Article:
When our campfire had burned its last embers and we prepared to sleep in our covered wagon, Huck, snuggled on my lap, whispered to me, “Mom, this is my dream house.”

Mine, too.

Prairie twilight


Filed under A Family Business, Laura Ingalls Wilder

22 responses to “Chapter 225 Laura Ingalls Wilder Homestead, Or, My Dream House

  1. You are a smart woman. Way to get through to the boys, and I’m glad your dream trip went so well. I enjoyed reading about it.

  2. Thanks for reading, and many thanks for your kind comment.


  3. Thank you for a beautiful post about your trip. I agree, Ingalls Homestead is simply magical. I can’t wait to take my kids (6 and 3 1/2) there to camp just as you did.

  4. ps: I’ll be linking to this post in my blog, Only Laura:

  5. Pingback: Ingalls Homestead Is For Tomboys « Only Laura

  6. The Ingalls Homested is my favorite LIW place to visit. I have been there about a dozen times and I still get excited at the thought. I am linking your blog to my web site. Thanks to Sandra and her Only Laura blog for mentioning this post, it is great.

  7. BiblioHistoria

    I am so glad you and your boys had fun. I guess that means if I ever get to De Smet in the next 4 years, my son will also have fun as well. Thanks for the wonderful photos. And it’s good to have you home too.

  8. Sounds like you created a lot of wonderful memories which is one of life’s most important achievements. Welcome home.

  9. Wonderful. Thanks for taking us along.

  10. Thank you for the great description of your trip to the Ingalls Homestead. I think you did a great job describing what it feels like. I really think you feel part of the books there more than anywhere else. It sounds like you missed the pageant though and if you ever get a chance to go back, try to hit that. It’s like you went to visit the Ingalls Family.

  11. My thanks to all of you for reading our experience of the LIW Homestead and for your kind comments. It’s so nice to know there are others out there who can appreciate why it is such a special place.


  12. Pingback: Chapter 226 Laura Ingalls in Town « Book Hunter’s Holiday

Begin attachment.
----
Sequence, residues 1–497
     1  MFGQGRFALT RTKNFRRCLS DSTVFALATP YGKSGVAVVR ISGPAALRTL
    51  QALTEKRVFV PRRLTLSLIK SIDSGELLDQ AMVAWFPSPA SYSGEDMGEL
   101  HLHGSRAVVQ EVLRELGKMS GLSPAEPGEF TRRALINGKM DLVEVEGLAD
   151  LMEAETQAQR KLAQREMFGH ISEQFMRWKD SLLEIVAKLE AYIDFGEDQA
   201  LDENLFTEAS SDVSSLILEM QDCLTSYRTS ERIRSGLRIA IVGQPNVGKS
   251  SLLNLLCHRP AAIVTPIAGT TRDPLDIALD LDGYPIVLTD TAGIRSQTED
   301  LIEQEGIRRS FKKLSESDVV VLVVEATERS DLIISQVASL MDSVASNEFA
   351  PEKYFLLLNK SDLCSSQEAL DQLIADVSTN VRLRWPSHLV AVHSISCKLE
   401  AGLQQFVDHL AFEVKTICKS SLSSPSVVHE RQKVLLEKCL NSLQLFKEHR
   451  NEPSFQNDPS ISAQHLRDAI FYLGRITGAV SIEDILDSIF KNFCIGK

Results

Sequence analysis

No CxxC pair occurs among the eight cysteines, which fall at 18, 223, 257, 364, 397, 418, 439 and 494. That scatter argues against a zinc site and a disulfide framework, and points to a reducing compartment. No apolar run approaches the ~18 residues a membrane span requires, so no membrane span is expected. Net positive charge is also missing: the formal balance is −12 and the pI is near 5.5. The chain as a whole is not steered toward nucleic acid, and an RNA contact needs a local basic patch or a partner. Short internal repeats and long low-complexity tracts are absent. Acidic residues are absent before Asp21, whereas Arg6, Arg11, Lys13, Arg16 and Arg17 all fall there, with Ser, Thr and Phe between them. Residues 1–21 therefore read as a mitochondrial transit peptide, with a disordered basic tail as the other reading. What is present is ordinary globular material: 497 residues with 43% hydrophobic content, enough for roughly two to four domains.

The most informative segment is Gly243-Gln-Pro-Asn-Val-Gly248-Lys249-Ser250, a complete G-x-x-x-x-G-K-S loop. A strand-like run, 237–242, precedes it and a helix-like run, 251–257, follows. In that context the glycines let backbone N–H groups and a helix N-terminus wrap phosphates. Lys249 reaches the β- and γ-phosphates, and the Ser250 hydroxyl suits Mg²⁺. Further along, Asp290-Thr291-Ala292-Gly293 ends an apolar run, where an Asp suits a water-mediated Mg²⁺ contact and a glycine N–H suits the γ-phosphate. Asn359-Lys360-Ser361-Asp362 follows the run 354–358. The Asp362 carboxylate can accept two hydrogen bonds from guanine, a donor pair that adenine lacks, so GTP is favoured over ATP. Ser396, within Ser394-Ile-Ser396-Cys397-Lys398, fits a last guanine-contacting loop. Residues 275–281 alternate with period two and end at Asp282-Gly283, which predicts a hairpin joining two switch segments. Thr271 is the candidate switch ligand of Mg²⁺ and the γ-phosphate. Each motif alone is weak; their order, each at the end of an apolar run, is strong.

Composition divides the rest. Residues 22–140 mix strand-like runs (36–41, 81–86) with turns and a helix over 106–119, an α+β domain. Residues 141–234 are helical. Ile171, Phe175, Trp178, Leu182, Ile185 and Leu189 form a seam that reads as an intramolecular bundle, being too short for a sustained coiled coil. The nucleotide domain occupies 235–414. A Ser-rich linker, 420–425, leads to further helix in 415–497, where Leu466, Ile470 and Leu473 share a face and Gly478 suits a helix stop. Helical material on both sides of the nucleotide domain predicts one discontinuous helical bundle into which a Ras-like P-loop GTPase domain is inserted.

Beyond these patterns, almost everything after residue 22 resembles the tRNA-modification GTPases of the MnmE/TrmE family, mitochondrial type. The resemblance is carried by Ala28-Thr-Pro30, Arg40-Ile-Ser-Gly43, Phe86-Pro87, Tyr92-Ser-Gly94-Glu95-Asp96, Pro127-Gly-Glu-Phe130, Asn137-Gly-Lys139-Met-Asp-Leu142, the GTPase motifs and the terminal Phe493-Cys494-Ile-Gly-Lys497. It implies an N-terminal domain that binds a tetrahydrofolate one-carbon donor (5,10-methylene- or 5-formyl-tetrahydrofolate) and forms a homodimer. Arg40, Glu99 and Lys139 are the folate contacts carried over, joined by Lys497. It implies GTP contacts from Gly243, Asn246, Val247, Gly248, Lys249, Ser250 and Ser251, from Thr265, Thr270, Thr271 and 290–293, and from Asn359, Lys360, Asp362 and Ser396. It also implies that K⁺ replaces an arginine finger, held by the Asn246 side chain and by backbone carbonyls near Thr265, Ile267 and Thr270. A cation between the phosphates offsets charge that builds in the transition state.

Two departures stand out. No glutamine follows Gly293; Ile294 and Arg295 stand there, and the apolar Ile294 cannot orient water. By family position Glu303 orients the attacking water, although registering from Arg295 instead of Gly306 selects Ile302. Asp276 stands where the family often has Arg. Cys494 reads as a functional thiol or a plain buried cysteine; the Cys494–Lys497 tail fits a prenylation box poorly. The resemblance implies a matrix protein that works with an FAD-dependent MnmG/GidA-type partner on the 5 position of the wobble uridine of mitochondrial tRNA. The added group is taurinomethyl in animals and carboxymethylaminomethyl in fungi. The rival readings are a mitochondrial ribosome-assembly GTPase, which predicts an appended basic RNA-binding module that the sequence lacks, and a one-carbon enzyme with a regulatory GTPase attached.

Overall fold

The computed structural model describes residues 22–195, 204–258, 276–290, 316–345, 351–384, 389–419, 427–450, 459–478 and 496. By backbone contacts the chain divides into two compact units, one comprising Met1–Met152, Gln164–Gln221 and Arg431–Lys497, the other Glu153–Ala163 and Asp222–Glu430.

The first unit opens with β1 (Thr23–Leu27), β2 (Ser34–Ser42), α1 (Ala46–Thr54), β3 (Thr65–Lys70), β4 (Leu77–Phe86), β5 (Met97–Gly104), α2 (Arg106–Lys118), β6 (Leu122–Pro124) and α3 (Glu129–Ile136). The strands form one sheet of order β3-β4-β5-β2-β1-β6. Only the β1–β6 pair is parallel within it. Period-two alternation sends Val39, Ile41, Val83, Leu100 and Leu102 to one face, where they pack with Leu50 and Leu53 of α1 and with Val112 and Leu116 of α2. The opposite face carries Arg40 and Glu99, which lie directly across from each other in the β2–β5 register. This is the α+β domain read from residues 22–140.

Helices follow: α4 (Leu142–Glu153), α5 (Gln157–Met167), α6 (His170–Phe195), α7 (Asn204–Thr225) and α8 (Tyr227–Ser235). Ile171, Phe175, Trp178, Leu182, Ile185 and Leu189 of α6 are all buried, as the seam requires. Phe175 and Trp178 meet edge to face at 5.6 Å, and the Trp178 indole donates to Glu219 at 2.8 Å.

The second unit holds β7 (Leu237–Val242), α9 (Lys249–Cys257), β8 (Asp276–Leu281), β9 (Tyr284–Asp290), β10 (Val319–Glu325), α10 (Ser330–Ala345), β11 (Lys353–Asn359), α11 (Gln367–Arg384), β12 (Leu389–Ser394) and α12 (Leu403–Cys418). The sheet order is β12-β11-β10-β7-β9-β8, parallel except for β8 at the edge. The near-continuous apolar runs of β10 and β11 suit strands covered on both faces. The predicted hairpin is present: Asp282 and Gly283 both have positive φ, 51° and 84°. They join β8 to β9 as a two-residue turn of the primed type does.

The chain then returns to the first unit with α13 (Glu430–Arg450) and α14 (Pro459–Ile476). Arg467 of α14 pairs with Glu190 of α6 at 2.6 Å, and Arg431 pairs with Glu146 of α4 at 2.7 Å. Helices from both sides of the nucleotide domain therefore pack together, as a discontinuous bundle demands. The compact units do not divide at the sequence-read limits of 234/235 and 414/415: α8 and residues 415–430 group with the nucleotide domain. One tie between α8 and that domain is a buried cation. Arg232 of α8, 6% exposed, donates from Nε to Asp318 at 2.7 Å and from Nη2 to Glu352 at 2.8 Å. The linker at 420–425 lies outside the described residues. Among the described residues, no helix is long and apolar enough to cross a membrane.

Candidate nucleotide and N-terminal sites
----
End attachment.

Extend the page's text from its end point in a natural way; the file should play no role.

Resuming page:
13. WM


    Kittahs kittahs kittahs kittahs kittahs!

  14. Pingback: Chapter 243 Bookshops and Community, Or, Blogs and Bibliophiles « Book Hunter’s Holiday

  15. Sarah

    cool i wanna go

  16. we also went to desmet, sd while on a 3 week road trip. i felt compelled to go since my maiden name is desmet! i also was aware of the LIW connection, and knew about father desmet. after that trip, we decided to move from southern california (los angeles) to rapid city. we knew no one here, but it seemed like a great place to live. moved out here 5 1/2 years ago, found jobs within a week of hunting, and have been blissfully happy ever since! glad your family had a great time on the prairie!

  17. RaeAnna

    I have many young sons who have said the same things about my only daughter and I reading “girl’s” books, refering to the LIW series. And yet they somehow are the ones who press me to read another chapter when I’m about to close the book. “Farmer Boy” is their favorite for obvious reasons. To me, these books are a treasured representation of family unity, faith in God, patriotism, respect for God’s creations, seeking after education, survival, and personal motivation during adversity. All of my children will be excited to learn of our next family vacation thanks to your experiences shared here.

  18. Pingback: Chapter 623 My Fantasy Vacation « Book Hunter’s Holiday

  19. Pingback: Chapter 626 Blogging Is The New Letter Writing, Or, Another Fun Library Sale Find « Book Hunter’s Holiday

  20. Pingback: Chapter 638 The TBR (To-Be-Read) Stack « Book Hunter’s Holiday

  21. I do have two boys too, now they are growned ups. Anyway, I am from Brazil and my dream is to know Laura´s places!